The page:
Capital Chefs: Victor Albisu of BLT Steak (Part II)

Photo courtesy of
‘Chef Albisu’s Wild Mushroom Risotto’
courtesy of ‘CathyLovesDC’

As you read this morning in Katie’s Capital Chef’s Part I, we recently endeavored into the kitchen of Chef Victor Albisu of BLT Steak. He sweetened us up with true Basque-region products and later topped off two steaming bowls of wild mushroom risotto with a quail egg and shaved truffles. We were smitten.

But cooking in the kitchen with Chef Albisu was only half the battle. After jotting down quick notes and approximations of his mastery, I returned to my kitchen to recreate the heavenly, buttery, moist-yet-crunchy wild mushroom risotto. All for you, dear reader.

As it turns out, making the risotto was just as easy as the chef had made it seem. Following a few very important pointers, I’m pretty sure you can get through this with me, and end up all the wiser (or maybe you already knew all of this…) And what’s even better, especially in my opinion, is that I was able to recreate his incredible flavor with a bottle of Trader Joe’s wine, a package of button mushrooms, and some extra garlic.

Photo courtesy of
‘gooey amazingness’
courtesy of ‘CathyLovesDC’

So you know what a basic risotto is, right? It’s pretty simple. Slowly and evenly cook (arborio) rice with conservative amounts of liquid added at intervals, pulling the starches out of the rice to create the gooey, comforting compound that we all know as Italian risotto.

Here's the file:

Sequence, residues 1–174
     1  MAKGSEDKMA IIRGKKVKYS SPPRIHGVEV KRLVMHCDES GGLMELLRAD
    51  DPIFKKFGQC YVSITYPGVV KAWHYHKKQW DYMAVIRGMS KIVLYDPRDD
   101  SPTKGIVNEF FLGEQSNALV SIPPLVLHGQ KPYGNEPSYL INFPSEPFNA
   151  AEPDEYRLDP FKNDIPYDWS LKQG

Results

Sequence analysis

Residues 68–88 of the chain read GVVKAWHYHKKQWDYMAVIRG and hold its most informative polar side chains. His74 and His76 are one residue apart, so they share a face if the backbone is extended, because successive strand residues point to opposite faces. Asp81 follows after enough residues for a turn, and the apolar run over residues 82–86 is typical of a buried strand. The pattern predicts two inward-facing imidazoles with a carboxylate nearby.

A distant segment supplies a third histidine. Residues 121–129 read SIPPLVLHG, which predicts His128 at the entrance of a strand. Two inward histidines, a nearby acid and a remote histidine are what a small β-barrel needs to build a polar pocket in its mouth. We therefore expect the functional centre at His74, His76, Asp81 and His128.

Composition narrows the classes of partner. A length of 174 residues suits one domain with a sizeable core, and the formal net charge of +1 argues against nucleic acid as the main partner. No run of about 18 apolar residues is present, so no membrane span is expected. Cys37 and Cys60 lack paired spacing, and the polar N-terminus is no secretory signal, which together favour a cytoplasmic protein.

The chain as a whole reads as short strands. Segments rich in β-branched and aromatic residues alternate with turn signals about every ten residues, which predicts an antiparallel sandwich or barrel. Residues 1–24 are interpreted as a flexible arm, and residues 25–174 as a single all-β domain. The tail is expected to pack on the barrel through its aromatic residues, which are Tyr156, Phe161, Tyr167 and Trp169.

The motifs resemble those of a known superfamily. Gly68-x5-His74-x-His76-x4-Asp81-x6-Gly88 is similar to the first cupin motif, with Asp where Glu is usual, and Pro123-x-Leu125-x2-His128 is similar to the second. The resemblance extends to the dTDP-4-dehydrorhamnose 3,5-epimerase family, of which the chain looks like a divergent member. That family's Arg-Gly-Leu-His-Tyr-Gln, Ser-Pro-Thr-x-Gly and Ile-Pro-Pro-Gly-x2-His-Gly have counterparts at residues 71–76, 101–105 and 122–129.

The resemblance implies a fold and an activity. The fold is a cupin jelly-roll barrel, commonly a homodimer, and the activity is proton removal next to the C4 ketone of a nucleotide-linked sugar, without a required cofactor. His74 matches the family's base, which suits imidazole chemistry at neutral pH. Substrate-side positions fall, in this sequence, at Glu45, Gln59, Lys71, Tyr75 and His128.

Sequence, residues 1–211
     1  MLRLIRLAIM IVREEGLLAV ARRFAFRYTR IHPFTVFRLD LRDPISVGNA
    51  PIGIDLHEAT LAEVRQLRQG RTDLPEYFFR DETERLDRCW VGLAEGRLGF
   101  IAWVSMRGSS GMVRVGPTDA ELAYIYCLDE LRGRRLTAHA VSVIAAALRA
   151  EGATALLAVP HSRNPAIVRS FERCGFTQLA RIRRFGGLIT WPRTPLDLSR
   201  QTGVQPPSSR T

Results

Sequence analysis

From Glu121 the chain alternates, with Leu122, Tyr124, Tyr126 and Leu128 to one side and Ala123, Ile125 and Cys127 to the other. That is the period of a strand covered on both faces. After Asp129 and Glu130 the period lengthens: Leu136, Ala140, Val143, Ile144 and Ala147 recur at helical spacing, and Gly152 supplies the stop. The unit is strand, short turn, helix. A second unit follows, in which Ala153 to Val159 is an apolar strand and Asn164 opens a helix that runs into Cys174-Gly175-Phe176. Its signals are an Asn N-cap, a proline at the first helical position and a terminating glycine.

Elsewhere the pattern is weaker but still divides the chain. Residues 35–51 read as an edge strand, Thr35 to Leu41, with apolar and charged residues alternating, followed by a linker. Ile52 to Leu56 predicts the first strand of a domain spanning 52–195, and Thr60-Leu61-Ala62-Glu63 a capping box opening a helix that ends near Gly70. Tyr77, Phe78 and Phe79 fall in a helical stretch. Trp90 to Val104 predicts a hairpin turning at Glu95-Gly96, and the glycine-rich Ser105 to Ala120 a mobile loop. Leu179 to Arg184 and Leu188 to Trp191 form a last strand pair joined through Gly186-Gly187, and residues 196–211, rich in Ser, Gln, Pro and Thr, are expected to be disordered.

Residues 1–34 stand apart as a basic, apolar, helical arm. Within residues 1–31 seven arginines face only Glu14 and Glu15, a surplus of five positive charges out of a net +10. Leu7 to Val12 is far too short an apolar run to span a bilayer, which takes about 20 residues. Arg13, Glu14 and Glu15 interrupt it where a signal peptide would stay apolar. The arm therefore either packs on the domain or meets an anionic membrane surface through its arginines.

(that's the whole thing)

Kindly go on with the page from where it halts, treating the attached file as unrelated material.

Well, here’s what Chef Albisu taught us about kicking your risotto into full gear, bringing out the most of the flavor and the best of the texture, without having to include a quail egg or shaved truffles to top it off.

  • Use a mild flavored wine like a Pinot instead of a Chardonnay.
  • Your choice of mushrooms does not have to be wild. Buy whatever looks good to you, quarter or dice into manageable-sized pieces, and put the densest mushrooms into the hot oil first (shoot me a message if you need more explanation on “densest”).
  • Throw in a dash of raw, finely diced garlic at the end. It gives it an extra kick, and the added flavor makes you happier than truffles, dare I say.
  • Try a fresh herb that you like or that you have. Fresh sage or tarragon could be a great substitute for the thyme in a fall-flavored risotto.
  • As Katie noted in Part I, Chef Albisu believes that you shouldn’t have to use chicken stock if your ingredients are good and fresh. That being noted, if you don’t have any chicken stock, why not try it with water?
  • Want to try something other than Parmesan? Use a nutty sheep’s milk cheese.
  • Risotto is best created in small quantities. When I made it for a large dinner party this weekend (enough for 9 people), I multiplied the recipe by three and multiplied my pans by the same number. This ensures that the rice stays evenly cooked and doesn’t have to fight for a spot at the bottom of the stock pot. Also – use the pot with the biggest bottom surface area you can find. Chef Albisu and his team create risotto on an individual basis: as soon as one is ordered, one is whipped up. So don’t be afraid to make this just for yourself! But I would still prefer leftovers.
  • Most importantly, listen to your pan. When it starts to sound like you are sauteing the rice instead of making risotto, add more liquid. There’s really no other better way to determine when its time to add more liquid.

Wild Mushroom Risotto